From (B)edouin to (A)borigine: the myth of the desert noble savage

Rune Graulund

Research output: Contribution to journalArticle

2 Citations (Scopus)

Abstract

This article examines the myth of the supposed superiority of the desert noble savage over civilized man. With the Bedouin of Arabia and the Aborigines of Australia as its two prime examples, the article argues that two versions of this myth can be traced: one in which the desert noble savage is valorized due to his valour, physical prowess and martial skill (Bedouin); and another, later version, where the desert noble savage is valorized as a pacifist, an ecologist and a mythmaker/storyteller (Aborigines). The article concludes by examining the way in which this turn from one type of desert noble savage to another reflects the manner in which western modernity has shifted its values from Cartesian dualities and Enlightenment rationalism to that of networks, potentialities, ecology and myth.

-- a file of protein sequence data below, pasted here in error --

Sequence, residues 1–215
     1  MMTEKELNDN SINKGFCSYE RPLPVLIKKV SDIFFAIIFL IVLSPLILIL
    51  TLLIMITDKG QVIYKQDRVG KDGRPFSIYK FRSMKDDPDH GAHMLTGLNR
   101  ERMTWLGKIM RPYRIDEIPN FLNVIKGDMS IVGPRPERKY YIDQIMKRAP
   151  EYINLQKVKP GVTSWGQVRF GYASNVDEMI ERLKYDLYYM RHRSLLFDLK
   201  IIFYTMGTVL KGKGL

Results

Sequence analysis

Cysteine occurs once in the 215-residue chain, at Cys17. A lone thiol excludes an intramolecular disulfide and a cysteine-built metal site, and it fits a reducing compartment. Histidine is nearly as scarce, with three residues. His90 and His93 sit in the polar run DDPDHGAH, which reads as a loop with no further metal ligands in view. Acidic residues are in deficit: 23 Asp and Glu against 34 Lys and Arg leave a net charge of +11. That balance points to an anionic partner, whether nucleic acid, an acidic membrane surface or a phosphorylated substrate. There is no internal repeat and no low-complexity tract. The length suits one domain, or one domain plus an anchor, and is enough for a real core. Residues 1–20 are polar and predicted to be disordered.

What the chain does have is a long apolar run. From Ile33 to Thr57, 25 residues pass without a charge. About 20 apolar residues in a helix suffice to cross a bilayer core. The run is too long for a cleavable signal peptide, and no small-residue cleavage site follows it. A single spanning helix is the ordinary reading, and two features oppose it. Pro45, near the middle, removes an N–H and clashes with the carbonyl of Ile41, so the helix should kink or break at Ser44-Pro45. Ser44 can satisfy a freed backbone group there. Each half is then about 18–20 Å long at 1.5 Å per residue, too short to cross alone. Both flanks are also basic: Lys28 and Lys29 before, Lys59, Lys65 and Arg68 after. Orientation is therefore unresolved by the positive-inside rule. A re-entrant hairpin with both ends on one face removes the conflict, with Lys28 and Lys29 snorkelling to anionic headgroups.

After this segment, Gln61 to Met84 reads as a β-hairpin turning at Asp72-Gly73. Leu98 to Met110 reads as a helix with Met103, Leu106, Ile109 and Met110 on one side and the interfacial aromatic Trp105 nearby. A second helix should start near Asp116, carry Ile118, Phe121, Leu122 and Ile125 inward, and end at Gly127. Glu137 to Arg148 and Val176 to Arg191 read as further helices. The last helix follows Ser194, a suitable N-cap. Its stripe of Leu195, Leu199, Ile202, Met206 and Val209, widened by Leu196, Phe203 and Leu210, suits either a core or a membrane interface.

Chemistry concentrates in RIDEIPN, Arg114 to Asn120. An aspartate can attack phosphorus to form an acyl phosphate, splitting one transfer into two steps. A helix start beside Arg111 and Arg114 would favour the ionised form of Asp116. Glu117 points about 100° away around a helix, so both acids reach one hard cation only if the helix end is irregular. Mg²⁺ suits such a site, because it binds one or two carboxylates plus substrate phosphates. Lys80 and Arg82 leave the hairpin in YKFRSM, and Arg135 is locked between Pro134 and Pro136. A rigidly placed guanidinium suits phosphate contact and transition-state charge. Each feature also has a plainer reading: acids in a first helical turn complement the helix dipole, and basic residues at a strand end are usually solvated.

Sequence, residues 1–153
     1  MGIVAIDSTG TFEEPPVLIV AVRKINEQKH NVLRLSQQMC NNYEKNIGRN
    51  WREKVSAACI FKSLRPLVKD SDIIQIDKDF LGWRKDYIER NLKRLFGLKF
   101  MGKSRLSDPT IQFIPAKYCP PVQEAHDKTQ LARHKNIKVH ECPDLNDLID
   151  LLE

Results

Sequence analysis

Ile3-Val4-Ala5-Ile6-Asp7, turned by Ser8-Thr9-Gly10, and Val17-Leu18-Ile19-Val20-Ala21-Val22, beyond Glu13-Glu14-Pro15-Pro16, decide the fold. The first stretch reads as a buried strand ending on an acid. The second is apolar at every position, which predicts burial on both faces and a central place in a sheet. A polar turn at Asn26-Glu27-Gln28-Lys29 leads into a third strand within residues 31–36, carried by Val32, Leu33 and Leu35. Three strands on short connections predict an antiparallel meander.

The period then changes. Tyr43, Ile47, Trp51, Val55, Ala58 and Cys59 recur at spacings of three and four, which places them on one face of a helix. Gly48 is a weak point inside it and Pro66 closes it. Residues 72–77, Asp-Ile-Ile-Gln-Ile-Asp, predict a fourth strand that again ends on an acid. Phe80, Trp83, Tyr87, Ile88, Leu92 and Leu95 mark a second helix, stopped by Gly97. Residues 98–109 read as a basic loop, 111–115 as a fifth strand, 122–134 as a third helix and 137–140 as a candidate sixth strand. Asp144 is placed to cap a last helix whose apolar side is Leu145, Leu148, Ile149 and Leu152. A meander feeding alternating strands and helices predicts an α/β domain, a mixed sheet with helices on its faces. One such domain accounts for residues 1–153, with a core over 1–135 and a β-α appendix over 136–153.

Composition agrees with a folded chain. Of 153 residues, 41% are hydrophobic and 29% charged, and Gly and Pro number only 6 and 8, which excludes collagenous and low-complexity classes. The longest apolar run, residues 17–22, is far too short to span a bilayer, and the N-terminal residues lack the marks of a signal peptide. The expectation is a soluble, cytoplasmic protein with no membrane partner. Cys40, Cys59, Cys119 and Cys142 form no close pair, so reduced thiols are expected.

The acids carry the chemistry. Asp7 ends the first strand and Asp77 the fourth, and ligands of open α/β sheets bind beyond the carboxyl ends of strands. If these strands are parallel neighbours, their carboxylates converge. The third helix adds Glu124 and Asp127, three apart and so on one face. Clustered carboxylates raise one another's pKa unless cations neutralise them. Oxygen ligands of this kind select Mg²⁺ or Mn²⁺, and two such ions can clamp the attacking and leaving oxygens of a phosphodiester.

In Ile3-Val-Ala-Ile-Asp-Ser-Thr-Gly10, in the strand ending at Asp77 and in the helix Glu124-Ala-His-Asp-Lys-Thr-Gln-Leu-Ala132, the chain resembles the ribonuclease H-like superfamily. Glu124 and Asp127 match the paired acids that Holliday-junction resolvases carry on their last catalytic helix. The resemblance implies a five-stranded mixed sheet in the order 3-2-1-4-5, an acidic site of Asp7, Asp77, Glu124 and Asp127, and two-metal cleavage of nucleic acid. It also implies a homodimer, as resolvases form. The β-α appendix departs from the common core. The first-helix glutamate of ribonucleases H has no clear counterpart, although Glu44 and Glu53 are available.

Original languageEnglish
Pages (from-to)79-104
Number of pages26
JournalHistory of the Human Sciences
Volume22
Issue number1
DOIs
Publication statusPublished - Feb 2009

Keywords

  • the noble savage
  • myth
  • desert
  • Bedouins
  • Australian Aborigines

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